There’s lots of recent scholarship complaining about how pleading standards have gotten too stringent.  Professor Anne Ralph of Ohio State University Law School believes she’s found a solution.  In her article in the Yale Journal of Law & HumanitiesNot the Same Old Story: Using Narrative Theory to Understand and Overcome the Plausibility Pleading Standard, she outlines how plaintiffs might use the principles of narrative theory to meet the Twombly/Iqbal “plausibility” standard.
So, what exactly is “narrative theory”?  As Professor Ralph explains it:
Narrative theory answers the complex question of why narratives are persuasive. Narrative theory
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 In the several years since the Supreme Court decided Bell Atlantic Corp. v. Twombly and Ashcroft v. Iqbal, scholars and litigators have argued back and forth about the appropriate pleading standard for various kinds of lawsuits. One of the most vociferous parts of that debate is over whether class actions should be subject to increased pleading standards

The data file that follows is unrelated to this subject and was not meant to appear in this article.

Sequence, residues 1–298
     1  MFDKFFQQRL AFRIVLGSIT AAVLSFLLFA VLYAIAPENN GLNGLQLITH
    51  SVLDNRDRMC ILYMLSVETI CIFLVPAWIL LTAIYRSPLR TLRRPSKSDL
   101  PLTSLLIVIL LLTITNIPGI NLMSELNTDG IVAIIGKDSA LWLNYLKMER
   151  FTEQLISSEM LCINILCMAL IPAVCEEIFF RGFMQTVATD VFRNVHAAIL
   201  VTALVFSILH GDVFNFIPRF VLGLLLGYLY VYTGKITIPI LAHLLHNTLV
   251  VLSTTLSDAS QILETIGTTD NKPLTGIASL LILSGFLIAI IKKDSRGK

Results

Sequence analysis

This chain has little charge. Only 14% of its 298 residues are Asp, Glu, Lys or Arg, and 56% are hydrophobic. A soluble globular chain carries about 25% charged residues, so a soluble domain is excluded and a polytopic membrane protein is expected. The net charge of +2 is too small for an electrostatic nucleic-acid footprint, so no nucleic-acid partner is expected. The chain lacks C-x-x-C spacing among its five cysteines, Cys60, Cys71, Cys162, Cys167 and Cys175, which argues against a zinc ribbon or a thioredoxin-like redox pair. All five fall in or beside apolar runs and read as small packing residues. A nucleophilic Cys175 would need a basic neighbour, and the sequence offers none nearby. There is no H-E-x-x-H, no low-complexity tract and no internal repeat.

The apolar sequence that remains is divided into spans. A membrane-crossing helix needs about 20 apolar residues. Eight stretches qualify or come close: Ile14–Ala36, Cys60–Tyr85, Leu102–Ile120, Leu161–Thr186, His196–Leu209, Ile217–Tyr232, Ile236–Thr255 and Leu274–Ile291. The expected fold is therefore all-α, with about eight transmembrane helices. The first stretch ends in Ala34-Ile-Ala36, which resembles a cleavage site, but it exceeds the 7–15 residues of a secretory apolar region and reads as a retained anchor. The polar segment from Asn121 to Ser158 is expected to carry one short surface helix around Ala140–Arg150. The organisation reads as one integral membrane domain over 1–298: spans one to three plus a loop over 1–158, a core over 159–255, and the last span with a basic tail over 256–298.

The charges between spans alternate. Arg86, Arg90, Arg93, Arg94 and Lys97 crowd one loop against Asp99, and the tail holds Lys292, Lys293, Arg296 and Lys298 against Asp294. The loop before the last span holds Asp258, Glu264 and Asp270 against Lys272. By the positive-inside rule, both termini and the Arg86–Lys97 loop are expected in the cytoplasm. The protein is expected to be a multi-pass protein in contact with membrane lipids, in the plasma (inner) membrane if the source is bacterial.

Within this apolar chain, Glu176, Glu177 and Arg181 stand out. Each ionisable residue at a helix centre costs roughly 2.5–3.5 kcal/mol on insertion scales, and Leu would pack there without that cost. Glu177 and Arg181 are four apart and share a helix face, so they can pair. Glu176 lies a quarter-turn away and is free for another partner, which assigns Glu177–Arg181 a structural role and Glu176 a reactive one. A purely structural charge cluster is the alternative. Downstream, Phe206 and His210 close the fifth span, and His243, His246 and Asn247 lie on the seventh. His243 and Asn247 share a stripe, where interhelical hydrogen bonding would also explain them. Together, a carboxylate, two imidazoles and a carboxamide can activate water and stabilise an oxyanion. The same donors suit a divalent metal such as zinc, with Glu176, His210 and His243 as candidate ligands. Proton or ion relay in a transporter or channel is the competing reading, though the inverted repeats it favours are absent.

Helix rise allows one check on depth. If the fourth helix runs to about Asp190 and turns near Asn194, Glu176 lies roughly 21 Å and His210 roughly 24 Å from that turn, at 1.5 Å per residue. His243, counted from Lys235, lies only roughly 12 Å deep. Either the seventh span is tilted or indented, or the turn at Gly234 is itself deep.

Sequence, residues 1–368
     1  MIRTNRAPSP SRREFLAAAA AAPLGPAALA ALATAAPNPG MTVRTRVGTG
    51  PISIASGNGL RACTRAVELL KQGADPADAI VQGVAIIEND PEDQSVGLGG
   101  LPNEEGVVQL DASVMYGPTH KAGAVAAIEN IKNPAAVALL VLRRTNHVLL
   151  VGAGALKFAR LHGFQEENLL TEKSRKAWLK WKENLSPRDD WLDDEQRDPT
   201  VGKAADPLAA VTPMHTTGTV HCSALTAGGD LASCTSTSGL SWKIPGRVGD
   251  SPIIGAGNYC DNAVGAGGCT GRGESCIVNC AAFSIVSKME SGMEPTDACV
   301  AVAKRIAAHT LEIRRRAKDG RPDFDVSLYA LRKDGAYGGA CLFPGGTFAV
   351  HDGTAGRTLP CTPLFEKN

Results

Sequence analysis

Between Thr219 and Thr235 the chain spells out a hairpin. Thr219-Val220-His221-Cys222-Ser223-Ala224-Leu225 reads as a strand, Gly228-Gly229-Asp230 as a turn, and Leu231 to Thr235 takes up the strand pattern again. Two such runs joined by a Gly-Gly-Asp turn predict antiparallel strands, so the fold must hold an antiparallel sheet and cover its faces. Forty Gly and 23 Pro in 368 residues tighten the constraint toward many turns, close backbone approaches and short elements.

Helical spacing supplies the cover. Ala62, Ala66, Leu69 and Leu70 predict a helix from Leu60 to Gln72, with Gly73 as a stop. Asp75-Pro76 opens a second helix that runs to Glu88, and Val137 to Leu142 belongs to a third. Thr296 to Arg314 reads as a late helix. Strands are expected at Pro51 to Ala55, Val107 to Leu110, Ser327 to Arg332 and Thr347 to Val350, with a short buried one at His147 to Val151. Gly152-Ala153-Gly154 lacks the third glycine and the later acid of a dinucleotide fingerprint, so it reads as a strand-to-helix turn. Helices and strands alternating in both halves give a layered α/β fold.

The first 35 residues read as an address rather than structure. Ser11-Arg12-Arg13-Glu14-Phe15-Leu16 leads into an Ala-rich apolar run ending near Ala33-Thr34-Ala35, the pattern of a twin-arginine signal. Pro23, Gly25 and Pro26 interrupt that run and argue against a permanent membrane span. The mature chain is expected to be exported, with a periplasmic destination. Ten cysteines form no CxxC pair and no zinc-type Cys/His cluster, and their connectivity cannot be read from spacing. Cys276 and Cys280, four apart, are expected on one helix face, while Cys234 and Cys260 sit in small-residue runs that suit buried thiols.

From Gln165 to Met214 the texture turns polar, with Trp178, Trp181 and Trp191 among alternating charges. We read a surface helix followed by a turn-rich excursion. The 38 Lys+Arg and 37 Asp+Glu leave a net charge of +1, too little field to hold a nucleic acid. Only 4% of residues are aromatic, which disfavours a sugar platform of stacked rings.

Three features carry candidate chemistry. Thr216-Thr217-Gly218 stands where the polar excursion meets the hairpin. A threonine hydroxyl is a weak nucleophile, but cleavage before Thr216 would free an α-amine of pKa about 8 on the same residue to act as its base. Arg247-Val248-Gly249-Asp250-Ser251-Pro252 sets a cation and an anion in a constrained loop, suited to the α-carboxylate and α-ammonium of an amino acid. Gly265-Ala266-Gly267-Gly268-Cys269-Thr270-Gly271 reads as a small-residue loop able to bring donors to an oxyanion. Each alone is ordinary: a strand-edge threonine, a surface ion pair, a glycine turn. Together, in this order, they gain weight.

Former federal trial attorney Matthew J.B. Lawrence (now a fellow at Harvard’s Petrie-Flom Center) has recently published an article, Courts Should Apply a Relatively More Stringent Pleading Threshold to Class Actions, 81 U. Cin. L. Rev. 1225 (2013), that makes … Continue Reading

 Dreaded deadline doom on a few projects (and some actual paying work) means that, unfortunately, today’s post will have to be light on original content.  

Fortunately, Judge Posner has an excellent review of Justice Scalia’s new book up at The New Republic, so I can just direct you there.  It’s classic Posner, and includes one of the most lucid critiques I’ve read on originalism:

The decisive objection to the quest for original meaning, even when the quest is conducted in good faith, is that judicial historiography rarely dispels ambiguity. Judges are not competent historians. Even real historiography